An example of what this might look like:
- After a customer buys your product online, a pop-up window surfaces asking them to rate the purchase experience from 1-5.
- You may choose that if the customer rates the experience a 4 or 5, you’re golden.
- If a respondent’s rating falls beneath a certain benchmark - 1-3 for example - you could ask them what they didn’t like about it or how you could improve the experience.
How a point of conversion survey can improve customer experience
The results of your point of conversion survey will highlight any pain points that need addressing so you can improve the experience for future customers. After all, who knows how many potential customers you could be missing out on!
Customer retention survey
Remember Gartner’s 80/20 assertion? A customer retention survey can tell you if a customer is in danger of leaving by asking them what they like and don’t like about your brand, product, or service. The data provided by a retention survey can indicate a potential churn while providing valuable feedback for your entire business.
The customer retention survey is a more in-depth inquiry that gives customers a chance to air their grievances and help you gauge the ease of your customer journey overall. Taken at regular intervals, results from these surveys can help inform everything from market positioning to product roadmap.
Questions in a customer retention survey should be manageable in length (taking no more than 2 minutes to complete) but will be longer than the other surveys on this list. Possible questions to include will depend on your business and unique goals, but here are a few samples:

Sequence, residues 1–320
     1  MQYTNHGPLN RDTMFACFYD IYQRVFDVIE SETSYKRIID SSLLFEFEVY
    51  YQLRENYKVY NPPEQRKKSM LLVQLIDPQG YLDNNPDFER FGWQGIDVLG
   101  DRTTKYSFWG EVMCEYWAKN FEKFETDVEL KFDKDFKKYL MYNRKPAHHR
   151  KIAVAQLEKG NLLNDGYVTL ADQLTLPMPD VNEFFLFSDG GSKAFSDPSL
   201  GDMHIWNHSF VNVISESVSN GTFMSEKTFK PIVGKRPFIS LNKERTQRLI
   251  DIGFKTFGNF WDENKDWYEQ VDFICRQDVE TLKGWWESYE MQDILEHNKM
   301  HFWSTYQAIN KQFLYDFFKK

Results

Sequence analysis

- Which product or service do you use?
- When did you first purchase?
- What prompted you to buy?
- What problem were you trying to solve?
- Overall, how satisfied are you with this product or service?
- How easy to use is [product/service]?
- In your opinion, what’s the overall quality of [product/service]?
How a retention survey can improve customer experience
A retention survey can give customers compelling reasons to reach out to your organization, purchase more, and become loyal advocates – if you listen to their feedback. Deploy a customer retention survey along with key milestones of their onboarding process or at critical lifecycle stages to alert you of any possible churn.
Beyond the immediate alarm bells, this survey can inform your growth as an organization and keep you and your team honest.
When it comes to customer experience surveys, there’s plenty to choose from. Where your priorities lie in your customer experience strategy will inform which survey to deploy and when as you bring your product or service vision to life.
When in doubt - experiment! The more survey data (if crafted correctly and with a clear purpose in mind) the more insight you have into how you can improve the customer experience for the better.
Ready to improve your customer experience management strategies? Check out this comprehensive guide to improving customer experience today!